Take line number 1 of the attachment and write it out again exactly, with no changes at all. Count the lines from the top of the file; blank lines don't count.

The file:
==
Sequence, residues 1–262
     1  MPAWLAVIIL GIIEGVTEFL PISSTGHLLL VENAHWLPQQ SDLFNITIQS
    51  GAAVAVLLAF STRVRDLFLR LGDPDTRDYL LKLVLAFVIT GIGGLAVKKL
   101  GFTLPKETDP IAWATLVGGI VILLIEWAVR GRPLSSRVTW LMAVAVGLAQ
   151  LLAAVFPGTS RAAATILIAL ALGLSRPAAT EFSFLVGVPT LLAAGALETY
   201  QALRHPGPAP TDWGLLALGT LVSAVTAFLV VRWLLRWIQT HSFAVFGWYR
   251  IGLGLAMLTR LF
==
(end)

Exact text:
Sequence, residues 1–262